Media Enterprises[edit]

During the late 1970s and early 1980s, Muñiz was the owner of a radio station (Radio WLUZ) and a television channel (Teleluz). Both were named after his wife, Luz María. In 1988, he became one of the largest minority owners of another channel, TeleOnce.[2][dead link]

Film actor[edit]

In 1989, he and Rodríguez reunited to act in the movie Lo que le Pasó a Santiago, directed by Jacobo Morales, a longtime friend of Muñíz. The film was nominated for an Academy Award for Best Foreign Language Film becoming the first and only Puerto Rican film so far to do so.[1][dead link]

As a consequence of his part in Lo que le Pasó a Santiago, Muñiz was selected to act in the 1991 television comedy film Crazy From The Heart, directed by Thomas Schlamme and featuring Christine Lahti and Rubén Blades. In the movie, Muñiz played Blades' father, a Mexican peasant with a proclivity for setting billboards on fire as a protest. The movie was eventually broadcast by Turner Network Television (TNT).

Personal life[edit]

Muñíz was married to Luz María García de la Noceda and they had eight children: Rafael (aka Rafo), Ruby, Hilda, Mario, Luzie, Tomito, Manolo, Pedro and Félix Antonio (Toño). Rafo and Pedro are both well-known actors and producers and Toño currently is Production Manager for various promoters in Puerto Rico. In the 80's and 90's Toño was the producer of the yearly top Salsa event in the Caribbean, "Festival de Salsa Winston" ; Pedro directed a dramatic film, Cayo. Manolo was a businessman before his untimely death in July 1995.

Tommy Muñíz died January 15, 2009 in Hato Rey, Puerto Rico.[2] Luz María García de la Noceda died a day after her 87th. birthday, on October 21, 2011.

Tommy Muñiz's life is described in two books: an autobiography named "Así he vivido" ("That's the way I've lived") and "¡Juan, Juan, Juan! Crónicas de la televisión en tiempos de don Tommy" by Puerto Rican author Beba García.

Productions[edit]

Radio productions

  • El Colegio de la Alegría (comedy)
  • La Familia Pérez (comedy)
  • Adelita, La Secretaria (comedy)
  • Gloria y Miguel (comedy)
  • ¡Qué sirvienta! (comedy)
  • Las Aventuras de Andy Tenorio (comedy, based on the Archie comic strip)
  • La Novela Fab (drama)

Television productions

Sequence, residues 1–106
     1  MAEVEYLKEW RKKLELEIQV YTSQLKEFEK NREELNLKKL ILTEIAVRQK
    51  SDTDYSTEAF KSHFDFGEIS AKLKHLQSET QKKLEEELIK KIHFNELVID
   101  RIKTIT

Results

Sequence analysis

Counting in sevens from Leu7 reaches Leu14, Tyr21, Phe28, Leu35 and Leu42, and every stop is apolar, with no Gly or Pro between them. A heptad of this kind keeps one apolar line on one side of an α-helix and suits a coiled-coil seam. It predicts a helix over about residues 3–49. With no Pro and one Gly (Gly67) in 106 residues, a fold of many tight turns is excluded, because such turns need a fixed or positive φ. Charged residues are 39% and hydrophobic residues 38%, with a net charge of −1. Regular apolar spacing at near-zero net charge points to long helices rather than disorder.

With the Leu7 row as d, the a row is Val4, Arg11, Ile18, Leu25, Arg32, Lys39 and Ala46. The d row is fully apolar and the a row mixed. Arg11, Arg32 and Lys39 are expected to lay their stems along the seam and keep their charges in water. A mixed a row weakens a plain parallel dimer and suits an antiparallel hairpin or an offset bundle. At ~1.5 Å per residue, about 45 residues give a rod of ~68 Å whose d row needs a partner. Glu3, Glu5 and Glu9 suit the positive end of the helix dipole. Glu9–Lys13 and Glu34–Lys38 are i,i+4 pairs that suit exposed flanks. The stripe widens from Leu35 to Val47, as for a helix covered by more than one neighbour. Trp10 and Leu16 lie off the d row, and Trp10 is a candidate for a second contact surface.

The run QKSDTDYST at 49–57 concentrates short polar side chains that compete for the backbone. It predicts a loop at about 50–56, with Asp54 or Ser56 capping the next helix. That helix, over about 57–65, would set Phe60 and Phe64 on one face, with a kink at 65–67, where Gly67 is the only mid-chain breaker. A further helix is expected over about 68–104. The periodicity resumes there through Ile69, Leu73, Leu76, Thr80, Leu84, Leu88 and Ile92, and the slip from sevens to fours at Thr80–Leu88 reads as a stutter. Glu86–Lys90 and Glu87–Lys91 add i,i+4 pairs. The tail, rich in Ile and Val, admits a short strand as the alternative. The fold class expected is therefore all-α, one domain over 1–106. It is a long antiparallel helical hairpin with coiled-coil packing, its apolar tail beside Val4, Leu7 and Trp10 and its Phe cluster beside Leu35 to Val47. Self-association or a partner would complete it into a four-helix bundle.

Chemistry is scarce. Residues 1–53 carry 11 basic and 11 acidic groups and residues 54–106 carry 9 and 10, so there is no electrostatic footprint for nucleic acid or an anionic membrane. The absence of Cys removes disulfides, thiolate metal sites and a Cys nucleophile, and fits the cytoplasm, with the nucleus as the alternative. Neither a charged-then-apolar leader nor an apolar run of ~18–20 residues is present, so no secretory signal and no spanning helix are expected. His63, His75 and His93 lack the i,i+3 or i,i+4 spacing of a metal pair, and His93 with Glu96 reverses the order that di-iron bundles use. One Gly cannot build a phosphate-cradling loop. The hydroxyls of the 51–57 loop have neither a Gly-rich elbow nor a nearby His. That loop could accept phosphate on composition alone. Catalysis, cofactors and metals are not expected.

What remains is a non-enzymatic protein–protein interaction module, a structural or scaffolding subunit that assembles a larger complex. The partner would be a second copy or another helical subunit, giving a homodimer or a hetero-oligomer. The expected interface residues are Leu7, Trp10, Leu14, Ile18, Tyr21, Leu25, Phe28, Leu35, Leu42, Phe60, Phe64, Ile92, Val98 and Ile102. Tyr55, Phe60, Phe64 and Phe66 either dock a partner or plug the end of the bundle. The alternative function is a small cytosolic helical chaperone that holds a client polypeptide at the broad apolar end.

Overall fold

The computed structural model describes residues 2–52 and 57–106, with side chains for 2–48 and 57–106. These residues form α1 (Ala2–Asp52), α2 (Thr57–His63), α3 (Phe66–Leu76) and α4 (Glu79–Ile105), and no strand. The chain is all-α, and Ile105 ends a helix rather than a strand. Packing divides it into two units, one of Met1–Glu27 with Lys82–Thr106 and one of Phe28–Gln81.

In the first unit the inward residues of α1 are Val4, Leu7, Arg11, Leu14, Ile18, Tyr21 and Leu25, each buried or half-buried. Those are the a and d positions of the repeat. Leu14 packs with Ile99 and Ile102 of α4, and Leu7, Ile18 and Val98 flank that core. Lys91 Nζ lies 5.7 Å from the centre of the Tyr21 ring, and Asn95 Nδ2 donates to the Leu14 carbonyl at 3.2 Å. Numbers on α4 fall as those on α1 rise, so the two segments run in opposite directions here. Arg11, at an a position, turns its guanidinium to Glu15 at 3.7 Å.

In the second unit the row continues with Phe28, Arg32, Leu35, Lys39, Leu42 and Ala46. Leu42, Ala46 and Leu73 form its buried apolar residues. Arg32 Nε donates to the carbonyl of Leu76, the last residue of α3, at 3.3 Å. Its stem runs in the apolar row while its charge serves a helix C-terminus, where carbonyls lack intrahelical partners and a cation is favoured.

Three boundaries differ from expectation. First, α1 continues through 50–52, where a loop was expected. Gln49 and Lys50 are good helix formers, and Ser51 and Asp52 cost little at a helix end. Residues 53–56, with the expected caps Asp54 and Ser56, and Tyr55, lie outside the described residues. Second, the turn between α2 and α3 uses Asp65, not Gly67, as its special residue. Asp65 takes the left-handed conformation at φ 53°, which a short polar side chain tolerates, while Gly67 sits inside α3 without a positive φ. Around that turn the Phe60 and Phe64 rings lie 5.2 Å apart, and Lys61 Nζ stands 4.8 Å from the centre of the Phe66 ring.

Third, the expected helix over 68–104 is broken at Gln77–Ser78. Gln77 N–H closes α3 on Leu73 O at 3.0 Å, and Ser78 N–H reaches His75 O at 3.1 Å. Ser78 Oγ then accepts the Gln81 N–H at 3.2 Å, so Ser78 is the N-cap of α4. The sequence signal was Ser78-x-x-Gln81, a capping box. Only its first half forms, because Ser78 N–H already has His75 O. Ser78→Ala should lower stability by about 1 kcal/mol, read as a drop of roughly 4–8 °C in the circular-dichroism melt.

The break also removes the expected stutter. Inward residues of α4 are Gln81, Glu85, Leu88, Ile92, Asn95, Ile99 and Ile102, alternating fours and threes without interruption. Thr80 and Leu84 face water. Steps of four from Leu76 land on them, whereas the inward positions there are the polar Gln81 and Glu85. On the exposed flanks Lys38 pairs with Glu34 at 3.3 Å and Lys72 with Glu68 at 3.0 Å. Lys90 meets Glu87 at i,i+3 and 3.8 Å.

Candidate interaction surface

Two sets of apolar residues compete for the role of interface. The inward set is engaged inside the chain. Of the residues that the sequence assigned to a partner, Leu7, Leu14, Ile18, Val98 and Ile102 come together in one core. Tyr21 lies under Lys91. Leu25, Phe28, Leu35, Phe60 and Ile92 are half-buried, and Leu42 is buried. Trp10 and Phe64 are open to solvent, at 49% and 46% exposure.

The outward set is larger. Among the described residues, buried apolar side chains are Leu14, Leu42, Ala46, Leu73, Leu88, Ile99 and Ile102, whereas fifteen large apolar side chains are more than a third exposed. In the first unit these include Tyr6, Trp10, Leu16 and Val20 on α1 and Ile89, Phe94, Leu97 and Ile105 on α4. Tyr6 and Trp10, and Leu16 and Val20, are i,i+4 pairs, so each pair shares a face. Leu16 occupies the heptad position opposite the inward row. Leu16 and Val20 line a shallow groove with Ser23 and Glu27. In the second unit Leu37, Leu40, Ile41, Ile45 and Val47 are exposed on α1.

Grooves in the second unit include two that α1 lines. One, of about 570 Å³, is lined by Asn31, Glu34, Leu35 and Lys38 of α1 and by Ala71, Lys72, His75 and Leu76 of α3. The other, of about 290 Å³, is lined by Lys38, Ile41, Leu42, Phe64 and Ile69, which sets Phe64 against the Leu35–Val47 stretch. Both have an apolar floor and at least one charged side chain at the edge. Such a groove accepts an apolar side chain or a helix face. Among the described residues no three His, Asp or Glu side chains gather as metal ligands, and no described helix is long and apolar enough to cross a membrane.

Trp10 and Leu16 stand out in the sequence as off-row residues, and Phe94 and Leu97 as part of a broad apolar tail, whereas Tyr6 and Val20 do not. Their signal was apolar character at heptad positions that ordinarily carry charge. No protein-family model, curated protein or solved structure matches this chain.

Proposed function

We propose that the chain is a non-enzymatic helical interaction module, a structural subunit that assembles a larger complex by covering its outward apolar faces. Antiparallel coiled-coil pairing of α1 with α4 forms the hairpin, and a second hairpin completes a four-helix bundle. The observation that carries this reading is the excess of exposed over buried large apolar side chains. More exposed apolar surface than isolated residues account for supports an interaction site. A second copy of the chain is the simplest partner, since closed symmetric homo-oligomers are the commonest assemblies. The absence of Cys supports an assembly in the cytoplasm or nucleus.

• El Show de Shows (for which Muñiz produced the comedy section only - 1955)
  • El Colegio de la Alegría (the radio comedy program, moved to television)
  • A reírse con Fab (first of four different names for the time slot - comedy)
  • El profesor Colgate (amateur talent contest)
  • Carnaval Del Monte (variety show)
  • La Taberna India (variety show, based on the American show Duffy's Tavern)
  • Hogar, dulce hogar (sitcom)
  • Lotus lo divierte (variety show - 1956)
  • Garata Deportiva (sports commentary - 1956)
  • El chiste Camel (comedy - 1957)
  • Telefiesta de la Tarde (variety show - 1957)
  • Reina por un día (prize show - 1959)
  • Desafiando a los genios (comedy - various inceptions between 1959 and 2004. This was a personal favorite of Pablo Casals)
  • El Show del Mediodía (varíety show)
  • Encabuya y Vuelve y Tira (comedy / news / community service)
  • La Criada Malcriada (sitcom)
  • La Cámara Cómica (comedy / reality television, based on Candid Camera - various inceptions)
  • Esto no tiene nombre (comedy, based on Rowan & Martin's Laugh-In - various inceptions)
  • Ja, Ja, Ji, Ji, Jo, Jo con Agrelot (comedy / variety)
  • Gloria y Miguel (sitcom)
  • Viernes de Gala (variety)
  • El especial de Corona (variety specials; first appearance by Otilio Warrington on television, 1967)
  • Caras y caretas de las mujeres (comedy)
  • El show de Tommy Muñiz (talk show)
  • Hello, Puerto Rico (variety special)
  • Las Almas No Tienen Color (novela - 1969)
  • Historia de dos mujeres (novela - 1970)
  • Cuando los hijos condenan (novela - 1970)
  • Los Juanes (novela - 1971)
  • Borinquen Canta (folk music / variety show, 1971)
  • María del Mar (novela - 1971)
  • El silencio nos condena (novela, 1972)
  • Mami santa (novela, 1972)
  • Claudia y Virginia (novela, 1973)
  • Llanto para una mujer (novela, 1973)
  • Marta (novela, 1973) Casting decisions caused the ASTRA strike against Muñiz's production company
  • Los García (sitcom, 1976–1981)

Honors[edit]

  • There is a statue of Muñiz at the Parque a los Caballeros de la Television (Park of the TV Gentlemen) in Bayamon, Puerto Rico. (See it HERE)

See also[edit]

References[edit]

  1. ^ a b c Chronicle of his life in Primera Hora
  2. ^ a b c Article about his death in Primera Hora
  3. ^ García, Beba, ¡Juan, Juan, Juan! Crónicas de la televisión en los tiempos de don Tommy, Terranova Editores, San Juan, 2009; pg. 28

External links[edit]